Global View Asset Allocation Strategies
July 12, 2017
The Global View Global Asset Allocation model reduced its appetite for risk to start off the third quarter with overall equity and fixed income exposures moving to neutral and no exposure to cash.
As the first half of 2017 fades in the rear-view mirror, investors looking back can recall crashing oil prices, near record partisanship in Washington D.C., and increasing tension in the Middle-East and Asia; all against a backdrop of suppressed volatility across numerous asset classes. Beginning the third quarter of 2017, the model is positioned more cautiously, having reduced equity and increased fixed income, considering the following conditions:
- Elevated investor complacency
- Reduced accommodation from central banks and higher bond yields
- Rising geopolitical tensions
- Global growth below historical norms but remaining on solid footing
As the overall Stock/Bond/Cash allocation transitioned to neutral weightings, the regional equity positions also changed:
- The U.S. moved from neutral to overweight
- The U.S. moved from neutral to overweight
- The allocation to Canada remained at zero
- Japan moved from underweight to overweight
- Europe ex. U.K. remained overweight
- The U.K. moved from overweight to underweight
- Emerging Markets remained underweight
- The allocation for Pacific ex. Japan moved from overweight to zero
The U.S. upgraded from neutral to overweight, fueled by an improving technical picture. Improvements in the technical model were sourced from a new bullish reading from relative price momentum, as U.S. stocks had a consistent climb amid low volatility during the second quarter. The macroeconomic and sentiment picture remained bearish, with valuations posing the biggest risk to the cyclical bull market.
Canada entered the third quarter with zero allocation after having been at zero for the prior three months. Both the technical and fundamental/macroeconomic models for Canada are at bearish levels, with most of their indicators displaying bearish readings. The fundamental/macroeconomic model is at its lowest level in four years.
Japan indicators transitioned from bearish to bullish in the latter part of the second quarter, moving the region to an overweight position to open the third quarter. A strong bullish reading from the technical model, with all but one indicator bullish, was bolstered by a modest increase in the fundamental/macroeconomic model, as sentiment (a contrarian indicator) reversed from recent lows to turn bullish.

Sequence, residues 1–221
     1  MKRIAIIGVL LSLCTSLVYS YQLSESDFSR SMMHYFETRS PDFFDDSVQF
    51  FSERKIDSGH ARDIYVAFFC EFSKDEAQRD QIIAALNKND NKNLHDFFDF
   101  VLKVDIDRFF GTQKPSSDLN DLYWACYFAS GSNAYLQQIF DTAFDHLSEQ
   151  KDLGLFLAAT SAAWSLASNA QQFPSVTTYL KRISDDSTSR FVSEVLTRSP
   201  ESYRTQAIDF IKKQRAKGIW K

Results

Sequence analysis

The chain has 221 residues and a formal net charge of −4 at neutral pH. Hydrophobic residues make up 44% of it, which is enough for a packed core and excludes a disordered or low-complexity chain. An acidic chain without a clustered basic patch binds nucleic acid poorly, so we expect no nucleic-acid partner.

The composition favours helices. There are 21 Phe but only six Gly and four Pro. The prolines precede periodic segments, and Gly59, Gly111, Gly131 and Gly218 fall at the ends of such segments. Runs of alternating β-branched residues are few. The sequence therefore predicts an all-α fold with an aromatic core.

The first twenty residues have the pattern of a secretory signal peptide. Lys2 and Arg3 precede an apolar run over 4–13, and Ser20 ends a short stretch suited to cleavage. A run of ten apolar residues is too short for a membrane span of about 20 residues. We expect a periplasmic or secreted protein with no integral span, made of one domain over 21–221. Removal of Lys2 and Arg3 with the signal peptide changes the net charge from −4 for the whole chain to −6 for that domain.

Europe ex U.K. exposure increased into the third quarter, moving further overweight. The technical model deteriorated slightly from very bullish to bullish due to the ACWI Scorecard Technical Rank indicator switching from bullish to bearish. The slightly cooler technical picture, however, was outweighed by improvements in the LEI and sentiment indicators in the fundamental/macroeconomic model.
The U.K. position fell from mildly overweight to a zero allocation during the second quarter, but it has since improved to modestly underweight at the start of Q3. The technical model dropped to neutral, offsetting the improvement of the macroeconomic/fundamental model, as sentiment moved from bearish to bullish.
Emerging Markets remains underweight. The price-based model remained bullish throughout the second quarter. However, deteriorating valuations moved the macroeconomic/fundamental model to its second-lowest possible reading, with 4 of 5 indicators bearish.
Although Pacific ex. Japan began the second quarter with an overweight position, steady indicator deterioration led the model to a zero allocation to start the third quarter. The technical model and the fundamental/macroeconomic model combine to form the second lowest overall regional model reading, surpassing only Canada.
The U.S. equity model moved to favor large-cap stocks over small-cap stocks. The model continues to favor Growth over Value.
While U.S. equities have been maintaining upward momentum, history has shown mature bull markets tend to favor large-cap stocks. This is evidenced by all fundamental/macroeconomic cap model indicators favoring large-caps, while price-based indicators are evenly split between large- and small-caps. Reflecting the strong relative trend of Growth vs. Value, the model continues to favor Growth. Price-based indicators remain in near unanimous support of Growth stocks, though the rapid increase in prices has stretched valuations, flipping the net-dividend yield indicator to favor Value.
Bottom Line: As seasonal trends tend to favor bonds over stocks during the later summer months, we are watching for an abatement in global sentiment and continued economic growth for opportunities to increase equity exposure. The Global View Asset Allocation strategy relies on the dispassionate, quantitative evaluation of market and macroeconomic indicators, and until the weight-of-the-evidence favors equities or bonds, our allocations will reflect neutral top-level asset class positioning.
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